The fall in home prices teamed with the contraction of lending standards by banks has posed great difficulties for those with good credit histories. According to economists, many people are missing the deadline on their payments on credit cards, auto loans and most importantly home loans.
Some time back, borrowers with good credit history, who had a good credit record and paid their bills on time, appeared to be quite protected against the economic damage created by increasing defaults. Now, this rise in delinquency among people with good credit is posing a risk to the tattered housing market and declining economy.
Several prime loans recently allowed borrowers to pay little to no money down on their home, but required they later pay higher amounts due to adjustable rate mortgages. This allowed homeowners to either refinance their home loans, many times using the “cash-out” funds to pay off credit card debt. However, in recent years the housing market has been collapsing due to falling prices. Hence, people with good credit are facing similar financial difficulties faced by homeowners with subprime credit.
The Mortgage Bankers Association reported that about 4% prime mortgages had passed their due dates or were in foreclosure by September end, which was the highest rate since 1998. In the past few years, there has been a surge in prime lending, which has resulted in the rate of foreclosure and delinquency of all mortgages to be 7.3%. It is at an all time high since 1979. Prime mortgages have a lower default rate than subprime mortgages, that is, 24% approximately.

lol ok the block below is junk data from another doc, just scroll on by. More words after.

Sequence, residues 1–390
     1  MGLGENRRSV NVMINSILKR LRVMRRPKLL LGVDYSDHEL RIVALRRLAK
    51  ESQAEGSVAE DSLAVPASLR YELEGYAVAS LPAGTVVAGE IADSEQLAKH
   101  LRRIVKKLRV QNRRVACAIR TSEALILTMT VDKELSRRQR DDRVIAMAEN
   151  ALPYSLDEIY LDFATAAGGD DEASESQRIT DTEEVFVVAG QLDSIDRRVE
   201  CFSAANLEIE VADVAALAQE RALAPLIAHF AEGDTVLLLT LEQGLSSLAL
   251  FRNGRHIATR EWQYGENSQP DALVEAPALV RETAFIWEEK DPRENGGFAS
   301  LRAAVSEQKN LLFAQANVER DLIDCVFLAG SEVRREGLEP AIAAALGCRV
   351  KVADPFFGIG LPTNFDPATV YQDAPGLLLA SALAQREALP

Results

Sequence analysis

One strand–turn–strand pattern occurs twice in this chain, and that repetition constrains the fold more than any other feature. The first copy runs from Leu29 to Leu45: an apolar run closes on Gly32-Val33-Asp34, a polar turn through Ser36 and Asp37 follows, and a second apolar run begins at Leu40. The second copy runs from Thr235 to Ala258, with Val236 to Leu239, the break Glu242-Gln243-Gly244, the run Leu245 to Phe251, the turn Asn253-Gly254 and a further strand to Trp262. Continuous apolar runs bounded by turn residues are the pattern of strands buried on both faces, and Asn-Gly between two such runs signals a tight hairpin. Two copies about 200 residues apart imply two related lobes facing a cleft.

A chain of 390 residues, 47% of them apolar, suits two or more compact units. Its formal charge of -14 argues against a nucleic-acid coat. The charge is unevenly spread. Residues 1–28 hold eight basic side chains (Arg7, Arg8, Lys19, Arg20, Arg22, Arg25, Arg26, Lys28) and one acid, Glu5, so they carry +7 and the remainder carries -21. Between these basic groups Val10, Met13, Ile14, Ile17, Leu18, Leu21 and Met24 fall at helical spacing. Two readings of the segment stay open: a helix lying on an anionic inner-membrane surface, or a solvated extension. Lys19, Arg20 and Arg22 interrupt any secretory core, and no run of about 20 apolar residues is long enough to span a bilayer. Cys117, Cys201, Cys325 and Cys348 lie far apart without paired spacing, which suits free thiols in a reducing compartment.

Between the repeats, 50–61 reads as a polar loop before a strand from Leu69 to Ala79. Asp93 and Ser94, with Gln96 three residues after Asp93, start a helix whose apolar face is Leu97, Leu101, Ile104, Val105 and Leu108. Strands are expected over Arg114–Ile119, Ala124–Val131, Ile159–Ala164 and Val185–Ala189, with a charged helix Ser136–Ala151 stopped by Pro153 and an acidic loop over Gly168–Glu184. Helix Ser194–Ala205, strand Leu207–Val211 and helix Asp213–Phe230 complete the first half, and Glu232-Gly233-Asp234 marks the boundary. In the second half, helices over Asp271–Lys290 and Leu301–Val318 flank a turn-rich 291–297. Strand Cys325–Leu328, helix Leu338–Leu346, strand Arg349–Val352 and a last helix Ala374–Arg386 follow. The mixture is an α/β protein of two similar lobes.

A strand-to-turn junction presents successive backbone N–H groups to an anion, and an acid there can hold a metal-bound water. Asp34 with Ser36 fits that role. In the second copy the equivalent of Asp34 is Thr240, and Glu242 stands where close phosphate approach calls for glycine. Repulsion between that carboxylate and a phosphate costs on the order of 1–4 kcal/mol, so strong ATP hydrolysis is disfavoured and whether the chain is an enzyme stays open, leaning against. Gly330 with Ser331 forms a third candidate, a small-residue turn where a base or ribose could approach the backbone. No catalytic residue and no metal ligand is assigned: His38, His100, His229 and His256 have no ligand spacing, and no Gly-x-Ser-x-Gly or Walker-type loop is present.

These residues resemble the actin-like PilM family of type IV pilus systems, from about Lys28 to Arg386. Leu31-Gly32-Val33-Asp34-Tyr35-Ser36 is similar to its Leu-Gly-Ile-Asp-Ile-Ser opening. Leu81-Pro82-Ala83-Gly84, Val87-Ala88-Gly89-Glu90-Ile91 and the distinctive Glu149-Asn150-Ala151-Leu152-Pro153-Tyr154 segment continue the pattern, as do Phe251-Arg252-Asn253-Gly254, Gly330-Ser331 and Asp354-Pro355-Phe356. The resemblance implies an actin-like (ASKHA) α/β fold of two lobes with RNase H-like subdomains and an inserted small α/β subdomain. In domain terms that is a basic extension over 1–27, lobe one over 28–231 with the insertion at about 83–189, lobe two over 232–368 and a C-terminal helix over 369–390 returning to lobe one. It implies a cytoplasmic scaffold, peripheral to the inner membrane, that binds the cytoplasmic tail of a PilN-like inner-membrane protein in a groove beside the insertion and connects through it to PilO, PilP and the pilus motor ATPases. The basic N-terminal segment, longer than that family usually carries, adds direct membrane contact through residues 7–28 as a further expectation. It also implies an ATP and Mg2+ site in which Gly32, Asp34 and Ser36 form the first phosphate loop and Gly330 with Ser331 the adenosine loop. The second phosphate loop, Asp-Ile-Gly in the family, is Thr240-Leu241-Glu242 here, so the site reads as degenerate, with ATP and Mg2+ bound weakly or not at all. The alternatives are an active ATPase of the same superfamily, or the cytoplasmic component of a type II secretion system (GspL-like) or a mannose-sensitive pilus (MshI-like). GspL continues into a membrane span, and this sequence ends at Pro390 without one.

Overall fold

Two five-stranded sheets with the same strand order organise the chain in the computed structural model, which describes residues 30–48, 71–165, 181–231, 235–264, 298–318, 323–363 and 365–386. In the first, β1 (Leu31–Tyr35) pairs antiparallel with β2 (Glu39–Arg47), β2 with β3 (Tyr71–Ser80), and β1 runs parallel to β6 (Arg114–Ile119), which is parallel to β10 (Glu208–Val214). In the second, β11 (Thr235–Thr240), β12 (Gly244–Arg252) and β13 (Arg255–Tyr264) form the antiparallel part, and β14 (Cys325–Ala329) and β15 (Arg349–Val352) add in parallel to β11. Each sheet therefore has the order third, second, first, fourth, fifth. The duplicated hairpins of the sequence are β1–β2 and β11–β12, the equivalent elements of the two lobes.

Subprime borrowers, unlike prime borrowers, usually have less assets and lower incomes. They are initially allowed to pay a small part of their loan, while higher payment adjustments “kick-in” in the following months. The interest rate also happens to be much higher than prime mortgages. The reset rate for adjustable loans appears to be declining due to the Federal Reserve having recently lowered its short term interest rates.
However, since the banks have constricted their lending standards, the rate cuts will be of little help due to the devastation done by adjustable rate mortgages and the overwhelming debts loads of many consumers. In places which appear to have a boom in housing complexes, such as Florida, the Southwest and California, the problem has become acute.
Surprisingly, the problem is not solely restricted to mortgages; even home equity lines of credit defaults are increasing. Auto loans appeared to be in trouble as well. Banks have reacted to this alarming situation and have put a ceiling on home equity lines in places where the real estate prices have seen a rapid fall. Some banks are even ready to sketch out new loan terms for prime borrowers and subprime borrowers who are almost three months away from foreclosure.
If you have questions about your mortgage or foreclosure, please feel free to contact me.